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John N

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John N last won the day on October 15 2021

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About John N

  • Birthday 04/18/1975

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    Manchester UK

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  1. I jump as many grits as possible. I regard each successive grit as only removing the 'ridges' from the previous one, not grinding 'virgin' steel, just knocking the ridges off. I dont see the point in doing this progressively. I don't get on with 24g belts, but never tried a quality one, on a suitable machine. 36g ceramics sometimes. I generally go 60 / 120 on the belt grinder. Its only a couple of passes at 120 to move the ridges from the 60 grit. All the work is done with the coarse belt. I then hand sand (or use a wet stone grinding wheel, but that's not relevant to
  2. Knives look great (beautiful) - I'm in the camp that the edges are probably too flat for general purpose board work on 2 of them. (chefs are fussy buggers!) I played around with lots of edge profiles, and the ones that seem to work best are similar to all the popular and well regarded Japanese and European blade shapes (production and custom, they are similar). My opinion is they evolved over hundreds of years to that shape, as that's the shape they work best.
  3. I would 'buy and try' - it looks good to my (virtually) untrained eye. It can always be sold again, and you are only out the shipping!
  4. As has been mentioned, a hammer like that needs to be about 300 bpm. You have no real mass in the ram, so need to get some velocity into it to get forging energy. Spring rate is wrong, among lots of other things, but get it wound up to a decent speed, then address the other issues as they will make themselves known.
  5. thanks Alan! - if you push hard enough it will start to move eventually!
  6. I'm working on these two machines at the moment! they are just so pretty I thought they should get their own thread! The 2 cwt is my personal hammer, now rebuilt after the fire. The 1 cwt is off to a customer. In the UK both of these machines are regarded as 'Rolls Royce' Not often you see them side by side in nice condition They are both ready for testing next week. Busy busy!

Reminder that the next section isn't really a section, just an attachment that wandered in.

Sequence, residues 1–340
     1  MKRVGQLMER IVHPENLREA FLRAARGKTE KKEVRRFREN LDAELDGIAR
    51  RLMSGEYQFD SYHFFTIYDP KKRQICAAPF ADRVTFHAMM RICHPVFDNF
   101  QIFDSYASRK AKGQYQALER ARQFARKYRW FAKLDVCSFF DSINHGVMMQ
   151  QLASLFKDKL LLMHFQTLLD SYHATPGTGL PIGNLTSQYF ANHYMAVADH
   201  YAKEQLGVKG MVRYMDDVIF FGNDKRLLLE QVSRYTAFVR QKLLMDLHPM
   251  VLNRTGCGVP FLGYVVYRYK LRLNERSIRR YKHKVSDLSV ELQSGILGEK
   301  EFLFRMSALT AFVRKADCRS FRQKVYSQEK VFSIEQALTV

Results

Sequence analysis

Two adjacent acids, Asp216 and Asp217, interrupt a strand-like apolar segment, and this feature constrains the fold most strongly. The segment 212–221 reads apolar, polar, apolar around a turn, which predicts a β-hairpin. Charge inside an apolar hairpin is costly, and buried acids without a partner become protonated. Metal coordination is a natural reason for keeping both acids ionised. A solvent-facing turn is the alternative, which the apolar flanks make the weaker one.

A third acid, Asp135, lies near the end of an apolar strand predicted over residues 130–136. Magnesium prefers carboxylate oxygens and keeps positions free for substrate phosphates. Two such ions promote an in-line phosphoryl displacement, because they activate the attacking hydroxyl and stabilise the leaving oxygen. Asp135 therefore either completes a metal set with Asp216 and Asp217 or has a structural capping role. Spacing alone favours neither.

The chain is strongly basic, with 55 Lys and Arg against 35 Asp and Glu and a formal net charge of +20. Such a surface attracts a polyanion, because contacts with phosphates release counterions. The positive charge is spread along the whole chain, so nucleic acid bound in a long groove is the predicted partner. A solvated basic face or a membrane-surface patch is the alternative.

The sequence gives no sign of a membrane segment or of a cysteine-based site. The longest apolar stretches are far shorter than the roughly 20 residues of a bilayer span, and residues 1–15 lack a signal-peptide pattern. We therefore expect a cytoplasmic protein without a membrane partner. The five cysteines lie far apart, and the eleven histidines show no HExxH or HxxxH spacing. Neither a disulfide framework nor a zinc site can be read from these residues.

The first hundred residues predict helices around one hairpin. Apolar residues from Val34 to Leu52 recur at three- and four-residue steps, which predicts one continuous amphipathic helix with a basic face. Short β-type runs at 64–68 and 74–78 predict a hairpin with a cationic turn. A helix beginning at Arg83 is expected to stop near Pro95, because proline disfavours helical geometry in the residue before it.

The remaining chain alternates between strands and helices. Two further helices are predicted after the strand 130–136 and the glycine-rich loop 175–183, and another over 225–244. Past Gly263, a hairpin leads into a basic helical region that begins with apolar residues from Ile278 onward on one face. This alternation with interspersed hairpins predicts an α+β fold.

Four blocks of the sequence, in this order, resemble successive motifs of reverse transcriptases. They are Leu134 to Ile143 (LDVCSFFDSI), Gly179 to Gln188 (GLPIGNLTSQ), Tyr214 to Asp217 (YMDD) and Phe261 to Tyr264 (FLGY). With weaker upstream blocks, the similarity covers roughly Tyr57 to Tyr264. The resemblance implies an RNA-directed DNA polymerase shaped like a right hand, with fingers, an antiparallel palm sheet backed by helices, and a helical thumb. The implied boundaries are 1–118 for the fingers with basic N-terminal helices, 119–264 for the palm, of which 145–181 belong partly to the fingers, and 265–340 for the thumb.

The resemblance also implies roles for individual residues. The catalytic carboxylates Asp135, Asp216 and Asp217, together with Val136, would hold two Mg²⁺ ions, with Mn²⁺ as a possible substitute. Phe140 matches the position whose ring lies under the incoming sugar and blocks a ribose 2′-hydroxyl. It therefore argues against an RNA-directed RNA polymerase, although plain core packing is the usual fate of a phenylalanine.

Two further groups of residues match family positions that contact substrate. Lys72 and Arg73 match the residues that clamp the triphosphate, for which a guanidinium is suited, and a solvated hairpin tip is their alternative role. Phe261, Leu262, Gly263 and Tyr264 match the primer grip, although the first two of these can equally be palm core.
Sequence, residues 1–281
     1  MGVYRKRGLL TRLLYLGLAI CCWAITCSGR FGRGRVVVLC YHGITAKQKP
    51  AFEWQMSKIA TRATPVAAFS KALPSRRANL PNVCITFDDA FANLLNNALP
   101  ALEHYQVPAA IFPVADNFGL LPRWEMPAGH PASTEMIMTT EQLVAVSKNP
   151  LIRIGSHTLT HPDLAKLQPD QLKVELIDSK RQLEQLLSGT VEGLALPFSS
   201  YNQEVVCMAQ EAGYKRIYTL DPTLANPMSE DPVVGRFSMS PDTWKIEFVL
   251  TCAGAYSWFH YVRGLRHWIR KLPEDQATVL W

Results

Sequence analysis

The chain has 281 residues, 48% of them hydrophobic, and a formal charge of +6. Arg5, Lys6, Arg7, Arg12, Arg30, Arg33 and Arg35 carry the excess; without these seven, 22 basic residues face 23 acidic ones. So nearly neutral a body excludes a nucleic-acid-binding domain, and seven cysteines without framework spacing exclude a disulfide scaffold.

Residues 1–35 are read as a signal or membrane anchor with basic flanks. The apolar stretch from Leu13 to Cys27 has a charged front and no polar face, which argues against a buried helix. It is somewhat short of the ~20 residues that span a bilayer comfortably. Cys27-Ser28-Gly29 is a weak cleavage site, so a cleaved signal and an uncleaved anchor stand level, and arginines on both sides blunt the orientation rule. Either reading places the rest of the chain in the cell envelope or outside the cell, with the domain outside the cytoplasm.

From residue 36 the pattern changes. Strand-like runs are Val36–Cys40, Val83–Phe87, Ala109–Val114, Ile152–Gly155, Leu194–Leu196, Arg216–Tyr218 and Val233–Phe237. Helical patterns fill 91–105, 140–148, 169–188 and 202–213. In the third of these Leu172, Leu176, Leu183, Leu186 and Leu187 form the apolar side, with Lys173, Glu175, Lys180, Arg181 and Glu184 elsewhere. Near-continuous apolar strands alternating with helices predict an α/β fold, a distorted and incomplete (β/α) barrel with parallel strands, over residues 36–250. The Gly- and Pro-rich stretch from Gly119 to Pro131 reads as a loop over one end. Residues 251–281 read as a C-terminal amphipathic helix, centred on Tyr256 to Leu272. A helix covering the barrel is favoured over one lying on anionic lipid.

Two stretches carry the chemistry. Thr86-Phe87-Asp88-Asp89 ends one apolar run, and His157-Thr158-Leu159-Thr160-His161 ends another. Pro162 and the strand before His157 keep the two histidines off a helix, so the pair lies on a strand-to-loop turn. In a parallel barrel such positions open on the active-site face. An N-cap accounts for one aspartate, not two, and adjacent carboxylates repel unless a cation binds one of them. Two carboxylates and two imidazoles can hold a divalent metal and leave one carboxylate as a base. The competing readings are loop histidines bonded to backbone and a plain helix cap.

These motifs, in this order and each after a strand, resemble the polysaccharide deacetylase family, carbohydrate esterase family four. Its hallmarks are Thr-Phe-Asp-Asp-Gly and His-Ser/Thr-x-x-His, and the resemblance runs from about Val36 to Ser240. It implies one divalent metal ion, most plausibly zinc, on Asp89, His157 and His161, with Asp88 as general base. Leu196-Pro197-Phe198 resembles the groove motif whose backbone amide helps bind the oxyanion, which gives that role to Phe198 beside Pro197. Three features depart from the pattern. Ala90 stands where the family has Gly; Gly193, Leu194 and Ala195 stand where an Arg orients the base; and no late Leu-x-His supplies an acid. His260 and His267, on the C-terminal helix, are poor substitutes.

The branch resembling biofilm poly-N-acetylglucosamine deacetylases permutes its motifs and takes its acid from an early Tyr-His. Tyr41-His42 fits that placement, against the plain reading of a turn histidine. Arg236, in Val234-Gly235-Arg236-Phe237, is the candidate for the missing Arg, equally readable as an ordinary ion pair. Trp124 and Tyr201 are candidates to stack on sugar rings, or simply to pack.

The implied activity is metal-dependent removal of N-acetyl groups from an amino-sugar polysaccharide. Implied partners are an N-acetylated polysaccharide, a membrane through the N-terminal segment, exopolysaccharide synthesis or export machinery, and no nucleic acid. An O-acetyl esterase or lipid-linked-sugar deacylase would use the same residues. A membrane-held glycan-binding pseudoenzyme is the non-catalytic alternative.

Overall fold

7. kind of agree (but disagree ) If they are going to be regularly used, use a bit of 'good stuff' for the dies if you can! You will get deformation, and scale is very abrasive. They will end up looking like a dog chewed them, after a while, if they are soft. Beauty of a press is you can get away with sub optimal dies for a lot longer than you will with a power hammer though!
  8. Good honest review, it confirmed a few thoughts I had about the press capacity (I worked it back to 7.75 metric tons from the available data online) It will be worth keeping hold of the small cylinder, as the bigger 8" stroke one has stolen 2" or more of your 'daylight' - which might be a PITA if you want to use the press for punching operations etc! In the UK 'stop blocks' are commonly called 'kiss blocks' - they are usually positioned well off to the side of the die block in use, you really only want to 'kiss it' as it will ramp the press slide over if there is any ex
  9. put some clothes on the blade I posted up last week! Handle is micarta, and Walnut. Im not 100% convinced, but its growing on me a bit.
  10. new machine day is a happy day! Congrats Your cart might need beefing up a bit, the hoses will push and pull a bit when they are loaded up!
  11. I would strongly recommend leaning back and squinting when you load that up! please don't put 20 ton on it, even if you re-weld it. Welding over a bad weld is still, errrm, you know. Not easy to visualise the forces involved, but if a 20 ton anvil block was hanging from a crane, with your press frame as the link, would you stand under it?! - I don't mean to be 'that guy' but better to excercise a bit of caution!
  12. A 'log splitter' press is a very good option, just try and brace the frame, and remove some slop from the moving parts, the frames are really not designed for the 'dead stop' every 1 second you get forging! The power pack on this press is basically 'log splitter' with non standard pump / motor configuration!
  13. A lad I have got to know quite well, Josh, is making some very nice grinders, and accessories. Small outfit, but Josh really cares about making stuff 'right' at a good price point! https://manchestergrinders.co.uk/
  14. not quite yet. there is some heavy spread sheet action going on at work! I have substantially improved and simplified the design, and need to finalise that, and grow a bit of confidence to 'pull the trigger' to make them in batches. Its a bit outside my current comfort zone, as we generally work on 'one off' very big forging machines
  15. Its all quite interesting when you get into it a bit! I am quite liking the simplicity of hydraulic formula! This press is 90mm bore cylinder, which from memory gives 12.3 metric tons (not american short tons!) @ 2500psi. (thats about 8.5 amps, on a 240 volt single phase supply) 1.5 kw motor. Cant remember the ram speed, but that 'is what it is' - the press was designed with power & tonnage in mind, the speed is the 3rd part of the formula, so is what it is! The frame is grossly over engineered, but its functions are more than 'stretch resistance' - We modelled the
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